As a primary care physician, much of my job involves what is known as preventive medicine. There are many excellent definitions of what precisely preventive medicine entails, but in general, it involves promoting activities and interventions that help keep people healthy and trying to prevent disease before it occurs or, at the very least, catch it as early as possible. This means that we discuss healthy food choices, how to stay physically active, and review/recommend the many screening methods for chronic disease such as heart disease, cancers, and mental health disorders that cause the majority of what ails us.
From the beginning of the Covid-19 pandemic, one of the biggest concerns for the health care community has been not only the actual effects of the novel coronavirus itself but also the secondary impacts upon people's health and well-being. There were concerns about how increasing numbers of patients with Covid-19 might overwhelm the clinics and hospitals in terms of simple numbers, but the impact upon preventive health was also very worrisome.
Because of the fears of public transmission of the virus and needs for social distancing, many clinics were shut down, or hours/options for clinical care were reduced or changed drastically. As a result, things like annual exams, colonoscopies, Pap smears, and mammograms were put off for another day as we all focused on the immediate problem at hand.
Of course, nobody is completely out of the woods yet. Across the nation, many localities still fight tooth and nail against Covid-19, and a number of states are seeing rising numbers, including New York. But in our medical offices and hospitals, we have returned to some degree of normalcy in many places, and slowly patients are trickling back in for their usual care. A delicate balance between social distancing efforts and the need for urgent and routine medical care has been struck, and it's an important one that needs emphasizing.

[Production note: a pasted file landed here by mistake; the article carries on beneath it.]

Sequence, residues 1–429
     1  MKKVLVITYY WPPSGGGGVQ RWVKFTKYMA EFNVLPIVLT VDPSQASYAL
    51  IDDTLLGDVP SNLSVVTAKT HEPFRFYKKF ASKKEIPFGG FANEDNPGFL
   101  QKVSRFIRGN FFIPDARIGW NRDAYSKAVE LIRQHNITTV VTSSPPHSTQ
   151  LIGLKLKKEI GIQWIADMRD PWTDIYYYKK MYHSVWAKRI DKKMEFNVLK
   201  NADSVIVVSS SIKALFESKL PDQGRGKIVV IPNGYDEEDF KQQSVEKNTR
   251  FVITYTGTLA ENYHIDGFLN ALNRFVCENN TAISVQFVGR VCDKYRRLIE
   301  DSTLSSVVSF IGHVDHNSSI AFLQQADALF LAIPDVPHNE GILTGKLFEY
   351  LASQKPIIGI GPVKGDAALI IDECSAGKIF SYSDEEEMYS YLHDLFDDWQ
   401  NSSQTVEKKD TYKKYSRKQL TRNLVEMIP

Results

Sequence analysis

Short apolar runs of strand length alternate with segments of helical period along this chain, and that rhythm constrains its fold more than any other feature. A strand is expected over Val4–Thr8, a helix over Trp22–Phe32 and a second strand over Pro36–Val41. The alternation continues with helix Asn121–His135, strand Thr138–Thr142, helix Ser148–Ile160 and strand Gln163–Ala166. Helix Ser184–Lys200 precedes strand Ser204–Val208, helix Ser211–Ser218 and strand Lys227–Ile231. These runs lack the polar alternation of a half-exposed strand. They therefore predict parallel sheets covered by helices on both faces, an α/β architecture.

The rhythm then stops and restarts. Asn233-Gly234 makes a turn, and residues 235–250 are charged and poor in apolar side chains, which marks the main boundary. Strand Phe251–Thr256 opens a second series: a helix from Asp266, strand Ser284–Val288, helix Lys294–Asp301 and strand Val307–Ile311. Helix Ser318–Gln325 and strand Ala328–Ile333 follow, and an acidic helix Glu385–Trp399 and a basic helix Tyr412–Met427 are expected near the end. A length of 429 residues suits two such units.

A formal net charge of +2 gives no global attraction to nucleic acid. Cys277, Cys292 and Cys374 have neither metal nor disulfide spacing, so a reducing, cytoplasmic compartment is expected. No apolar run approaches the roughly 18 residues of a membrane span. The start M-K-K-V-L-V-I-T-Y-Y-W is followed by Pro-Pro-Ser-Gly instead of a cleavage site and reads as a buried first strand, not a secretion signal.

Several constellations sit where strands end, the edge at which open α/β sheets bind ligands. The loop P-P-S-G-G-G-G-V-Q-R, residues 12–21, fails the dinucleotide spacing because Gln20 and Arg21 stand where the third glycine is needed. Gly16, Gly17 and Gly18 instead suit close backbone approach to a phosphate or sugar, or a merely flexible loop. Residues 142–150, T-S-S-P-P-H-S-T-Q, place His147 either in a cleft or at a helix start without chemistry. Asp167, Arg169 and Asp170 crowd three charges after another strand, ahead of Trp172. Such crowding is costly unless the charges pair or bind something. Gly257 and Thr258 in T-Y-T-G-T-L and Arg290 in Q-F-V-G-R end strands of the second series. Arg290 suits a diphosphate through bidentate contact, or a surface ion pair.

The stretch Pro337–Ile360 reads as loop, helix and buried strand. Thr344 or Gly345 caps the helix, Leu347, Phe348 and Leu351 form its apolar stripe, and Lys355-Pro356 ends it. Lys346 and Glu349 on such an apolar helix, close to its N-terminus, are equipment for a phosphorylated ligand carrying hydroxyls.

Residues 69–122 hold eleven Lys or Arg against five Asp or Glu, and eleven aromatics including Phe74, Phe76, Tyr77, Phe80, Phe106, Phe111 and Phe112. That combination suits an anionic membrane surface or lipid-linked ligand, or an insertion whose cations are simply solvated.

We opened the office I work in on Shelter Island in May of this year, and I became full time there in July. In the short amount of time I've been working, I've seen a level of acuity and uncontrolled medical conditions that many times have surpassed anything I'd seen in my training. I've seen patients who struggled with new complaints of pain or shortness of breath for months and put off seeking medical care because of fear of the virus. Finally, we're starting to get many of these acute issues under control, but not a week goes by that somebody doesn't present with a complaint that regular screening and preventive measures might have caught six months ago and made easier to treat instead of harder.
Which is why I want to encourage you all to be sure to not only keep doing your part to fight the Covid-19 pandemic through wearing masks and socially distancing, but also be sure to stay on top of your regular medical care. The longer these vital components of health and wellness are allowed to fall by the wayside, the harder it will be to overcome the lost opportunities for early detection and intervention. It is almost always easier to prevent a condition or disease then to treat it once it occurs, and this is as true of obesity as it is of colorectal cancer. Colonoscopies so often work because they allow gastroenterologists to find abnormal growths in the colon while the growths are still pre-cancerous and remove them immediately.
So if you've put off your annual physical or avoided scheduling your colonoscopy, please consider doing them now. Every doctor's office and hospital I know has rigorous protocols in place in terms of cleaning and protective equipment to keep people as safe from Covid-19 as possible, and most places will be more than happy to review them with you for your peace of mind before you come in. If you don't think a trip to your doctor's office is worth exposure to the novel coronavirus just to discuss your eating habits, then make a virtual visit via telemedicine with your doctor.
However you approach it, don't let Covid-19 take away your chance to be a healthier person along with everything else the pandemic has stolen this year.
Joshua Potter, D.O., is a physician with Stony Brook Southampton Hospital's Meeting House Lane Medical Practice who specializes in family and neuromusculoskeletal medicine. He oversees the practice's Shelter Island office. Opinions expressed in this column are his personal and professional views and not necessarily those of his employer.